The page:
I love habits. I love to read about habits and how to form them, I find relevant tidbits about habits in even seemingly unrelated books, and I always have a list of habits I’m working on for myself and others I’m trying to instill in my kids. Habits sound dreary, but as Rubin points out and I have found to be true, we really do have limited willpower and decision making ability in a given day. It’s so, so, so much easier to automate some things rather than having to waste our limited resources on things that can be put on automatic.
So I was excited to read Gretchen Rubin’s latest book, Better Than Before: Mastering the Habits of Our Everyday Lives. In her characteristic style, this book combines Rubin’s personal experiences, extensive research, and original observations.
If you’re also into the idea of habits, or if you read Rubin’s blog, you’ll find the book contains a lot of things you’ve already read about. But I also found that Rubin identified lots of useful distinctions–or expanded on contrasts she previously wrote about–so I still got a lot of takeaways from the book. Sometimes I found affirmation of things I’ve noticed personally (like that most nutrition experts are moderators and their maxims don’t really apply the same way to me as an abstainer, or that my need for a personal why to justify doing anything is about my personality, not a universal requirement).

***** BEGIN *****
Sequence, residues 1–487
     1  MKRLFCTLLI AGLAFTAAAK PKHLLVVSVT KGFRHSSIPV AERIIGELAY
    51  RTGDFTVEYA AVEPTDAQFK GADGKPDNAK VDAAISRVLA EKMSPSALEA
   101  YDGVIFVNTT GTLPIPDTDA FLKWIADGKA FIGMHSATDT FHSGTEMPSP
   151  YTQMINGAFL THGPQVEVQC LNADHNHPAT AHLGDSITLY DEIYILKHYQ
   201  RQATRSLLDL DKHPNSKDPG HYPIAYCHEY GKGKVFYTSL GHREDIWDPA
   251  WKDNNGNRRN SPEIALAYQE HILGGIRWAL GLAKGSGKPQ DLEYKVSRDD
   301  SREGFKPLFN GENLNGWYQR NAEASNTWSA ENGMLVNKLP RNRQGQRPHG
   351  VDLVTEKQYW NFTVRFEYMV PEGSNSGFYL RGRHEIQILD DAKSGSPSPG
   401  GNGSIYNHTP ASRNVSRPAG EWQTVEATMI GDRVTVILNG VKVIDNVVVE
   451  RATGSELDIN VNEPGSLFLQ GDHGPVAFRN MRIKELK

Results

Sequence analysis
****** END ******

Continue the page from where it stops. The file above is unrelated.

I do think that if you haven’t read much about habit formation, willpower, how to make effective life changes, etc, Better Than Before would be a great primer. And even if, like me, you’ve read almost everything in Rubin’s suggested reading list, her unique insights will be worth the time investment for the book.
Which of your habits–good or bad–do you think has the most impact on your life?
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